Medicare’s Annual Enrollment Period (also known as AEP) will be upon us before we know it. This period takes place every year from October 15th until December 7th. This the one opportunity you’ll have this year to make changes to your Medicare coverage. While comparing Medicare plans may not be your idea of spring or summer fun, beginning your research now will put you in a much better position to make an informed decision about the future of your care. To help you prepare for Medicare’s AEP, we’ve created an Annual Enrollment Period checklist. We hope it will help you reassess your needs, evaluate your current plan, and decide if it might be worthwhile to consider switching to a new plan.
Far too often, individuals end up making decisions that they come to regret during AEP. This is usually because they didn’t allow themselves enough time to explore the various coverage types available. Picking the wrong plan can be disastrous to your health and to your finances; a bad choice during AEP could potentially result in hundreds or even thousands of dollars in additional out-of-pocket costs. When it comes to Medicare, being proactive definitely pays off.
Without any further ado, here is the Annual Enrollment Period checklist!
Step 1: Re-evaluate your health situation
A lot can change in a year, and our personal health is no exception. While your plan may have been perfect for you when you first enrolled, that may not be the case anymore. This is especially true if you’ve changed doctors, require new additional benefits, or have started taking new prescriptions since enrolling.
Step 2: Re-evaluate your plan
If you’re covered under a Medicare Advantage plan, it’s important to note that while your plan is required to provide all of the same standard benefits included under Original Medicare, the additional benefits offered may change from year to year. For example, your Medicare Advantage plan may have included dental care when you signed up. However, there is no guarantee that it will offer it again. Your plan is required to send you a Notice of Chang prior to AEP. Make sure to review this document thoroughly when you receive it to ensure your specific health needs are still addressed.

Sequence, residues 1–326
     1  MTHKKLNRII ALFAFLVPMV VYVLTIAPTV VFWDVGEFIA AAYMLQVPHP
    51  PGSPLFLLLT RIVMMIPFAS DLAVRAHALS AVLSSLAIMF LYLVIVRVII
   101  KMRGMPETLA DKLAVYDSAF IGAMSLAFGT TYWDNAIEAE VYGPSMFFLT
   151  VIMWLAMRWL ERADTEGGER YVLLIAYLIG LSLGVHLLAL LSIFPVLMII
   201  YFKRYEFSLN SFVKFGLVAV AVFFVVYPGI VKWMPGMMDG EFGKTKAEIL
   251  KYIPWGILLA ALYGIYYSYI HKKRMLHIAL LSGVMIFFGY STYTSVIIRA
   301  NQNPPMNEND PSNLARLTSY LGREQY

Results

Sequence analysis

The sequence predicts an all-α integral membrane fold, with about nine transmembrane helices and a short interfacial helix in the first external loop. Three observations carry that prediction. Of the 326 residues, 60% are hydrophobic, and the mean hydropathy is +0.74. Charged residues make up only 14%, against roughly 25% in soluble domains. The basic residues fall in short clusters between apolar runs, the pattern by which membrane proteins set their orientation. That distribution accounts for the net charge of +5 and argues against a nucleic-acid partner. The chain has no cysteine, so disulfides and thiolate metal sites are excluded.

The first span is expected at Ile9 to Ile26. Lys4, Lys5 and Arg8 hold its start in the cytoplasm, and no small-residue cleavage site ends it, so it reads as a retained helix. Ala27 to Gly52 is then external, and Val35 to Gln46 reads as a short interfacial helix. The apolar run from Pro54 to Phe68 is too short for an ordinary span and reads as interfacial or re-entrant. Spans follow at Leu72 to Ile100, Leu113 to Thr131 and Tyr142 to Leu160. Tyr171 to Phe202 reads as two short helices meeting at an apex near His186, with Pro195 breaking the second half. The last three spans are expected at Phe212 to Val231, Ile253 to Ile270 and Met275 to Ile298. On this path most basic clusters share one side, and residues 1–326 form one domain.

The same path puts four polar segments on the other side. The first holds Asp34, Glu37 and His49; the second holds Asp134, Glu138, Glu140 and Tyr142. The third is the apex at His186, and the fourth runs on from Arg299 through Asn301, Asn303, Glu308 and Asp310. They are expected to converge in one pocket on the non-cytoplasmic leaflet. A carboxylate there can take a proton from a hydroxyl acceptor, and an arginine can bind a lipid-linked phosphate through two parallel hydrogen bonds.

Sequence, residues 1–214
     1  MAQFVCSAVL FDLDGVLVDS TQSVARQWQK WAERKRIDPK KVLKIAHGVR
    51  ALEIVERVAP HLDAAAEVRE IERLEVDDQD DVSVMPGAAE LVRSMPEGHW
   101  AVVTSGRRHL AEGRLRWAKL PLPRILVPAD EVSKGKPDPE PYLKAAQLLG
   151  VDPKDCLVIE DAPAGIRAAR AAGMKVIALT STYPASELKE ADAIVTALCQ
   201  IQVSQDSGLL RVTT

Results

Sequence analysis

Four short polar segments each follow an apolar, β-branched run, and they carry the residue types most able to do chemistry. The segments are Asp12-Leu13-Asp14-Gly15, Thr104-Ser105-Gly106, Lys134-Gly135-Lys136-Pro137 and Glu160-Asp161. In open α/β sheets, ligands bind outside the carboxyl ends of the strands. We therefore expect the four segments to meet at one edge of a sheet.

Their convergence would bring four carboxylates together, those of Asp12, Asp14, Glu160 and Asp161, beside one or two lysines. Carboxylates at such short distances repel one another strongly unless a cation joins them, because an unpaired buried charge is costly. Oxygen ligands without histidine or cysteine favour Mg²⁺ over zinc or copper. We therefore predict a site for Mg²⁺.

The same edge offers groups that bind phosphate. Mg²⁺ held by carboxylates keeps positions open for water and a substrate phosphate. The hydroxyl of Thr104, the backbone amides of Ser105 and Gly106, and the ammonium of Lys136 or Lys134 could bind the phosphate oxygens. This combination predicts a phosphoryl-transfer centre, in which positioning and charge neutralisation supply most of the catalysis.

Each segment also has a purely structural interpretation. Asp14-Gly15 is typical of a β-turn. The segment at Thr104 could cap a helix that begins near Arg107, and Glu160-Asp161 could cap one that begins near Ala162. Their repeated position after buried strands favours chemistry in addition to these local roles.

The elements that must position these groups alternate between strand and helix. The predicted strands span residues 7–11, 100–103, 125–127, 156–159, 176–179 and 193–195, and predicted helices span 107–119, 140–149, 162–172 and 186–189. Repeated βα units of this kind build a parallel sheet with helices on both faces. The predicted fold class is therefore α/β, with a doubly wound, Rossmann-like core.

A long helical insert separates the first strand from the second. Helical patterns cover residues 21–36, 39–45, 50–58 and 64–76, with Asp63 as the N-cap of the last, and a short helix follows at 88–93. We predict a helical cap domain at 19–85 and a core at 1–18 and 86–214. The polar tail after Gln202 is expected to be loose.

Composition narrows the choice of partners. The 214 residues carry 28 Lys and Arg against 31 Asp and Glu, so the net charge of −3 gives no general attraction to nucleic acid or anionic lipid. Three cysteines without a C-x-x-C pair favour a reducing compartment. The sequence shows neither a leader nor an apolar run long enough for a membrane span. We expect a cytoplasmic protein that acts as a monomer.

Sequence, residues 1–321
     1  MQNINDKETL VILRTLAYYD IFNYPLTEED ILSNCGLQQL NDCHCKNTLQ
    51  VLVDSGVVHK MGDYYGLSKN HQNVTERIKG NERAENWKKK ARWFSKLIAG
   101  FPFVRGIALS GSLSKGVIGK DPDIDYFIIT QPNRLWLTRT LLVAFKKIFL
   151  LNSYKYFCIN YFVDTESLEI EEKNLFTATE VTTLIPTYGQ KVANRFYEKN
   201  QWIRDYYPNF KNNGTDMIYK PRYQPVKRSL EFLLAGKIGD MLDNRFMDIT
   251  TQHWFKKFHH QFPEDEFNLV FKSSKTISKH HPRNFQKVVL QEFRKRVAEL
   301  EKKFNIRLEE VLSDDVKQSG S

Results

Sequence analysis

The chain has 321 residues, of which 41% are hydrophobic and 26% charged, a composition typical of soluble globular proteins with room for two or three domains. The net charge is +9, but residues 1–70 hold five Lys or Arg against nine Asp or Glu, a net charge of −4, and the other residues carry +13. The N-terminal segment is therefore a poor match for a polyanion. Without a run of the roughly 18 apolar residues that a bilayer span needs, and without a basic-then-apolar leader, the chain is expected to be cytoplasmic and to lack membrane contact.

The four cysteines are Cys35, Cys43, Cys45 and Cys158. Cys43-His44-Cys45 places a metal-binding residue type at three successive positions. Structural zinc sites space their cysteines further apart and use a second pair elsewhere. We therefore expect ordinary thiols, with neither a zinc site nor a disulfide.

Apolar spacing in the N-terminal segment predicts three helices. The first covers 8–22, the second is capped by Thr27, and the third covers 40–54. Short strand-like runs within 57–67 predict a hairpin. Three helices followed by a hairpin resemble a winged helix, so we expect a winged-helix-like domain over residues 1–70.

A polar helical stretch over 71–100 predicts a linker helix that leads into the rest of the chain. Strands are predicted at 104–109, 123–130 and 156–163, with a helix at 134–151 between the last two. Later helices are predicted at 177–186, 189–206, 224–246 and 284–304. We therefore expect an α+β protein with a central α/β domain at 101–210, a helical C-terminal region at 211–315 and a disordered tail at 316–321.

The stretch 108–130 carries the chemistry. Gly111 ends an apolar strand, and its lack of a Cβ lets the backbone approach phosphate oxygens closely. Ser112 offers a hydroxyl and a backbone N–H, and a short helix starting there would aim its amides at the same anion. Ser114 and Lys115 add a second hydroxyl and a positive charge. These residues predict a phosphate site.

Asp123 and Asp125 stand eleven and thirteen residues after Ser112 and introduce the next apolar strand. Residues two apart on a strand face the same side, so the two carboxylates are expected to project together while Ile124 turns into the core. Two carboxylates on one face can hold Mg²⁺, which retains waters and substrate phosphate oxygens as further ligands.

Step 3: Reflect on the last year
Even if your plan’s benefits haven’t changed, upon reflection, you may realize that a different plan may be a better fit for you. For example, if you elected to enroll for a more expensive plan because you wanted to be prepared for any unexpected health issues, you may not feel the same way if your financial situation has changed. Alternatively, if you’ve found that you’ve visited the doctor more frequently than you initially anticipated, and those copays are starting to take a toll on your monthly budget, you may want to consider switching to a plan with an out-of-pocket maximum.
Step 4: Consider how your needs might change in the future
As you look ahead, do you anticipate any changes to your lifestyle that might impact your healthcare needs? For example, do you plan to travel internationally? If so, you may want to look into a Medicare Supplement plan that will cover any medical costs you may incur while abroad. On the other hand, if you foresee yourself traveling less over the course of the next year, you might look into Medicare Advantage plans that might offer more affordable care by limiting your options to a set area (as opposed to Original Medicare, which you can access from around the country.)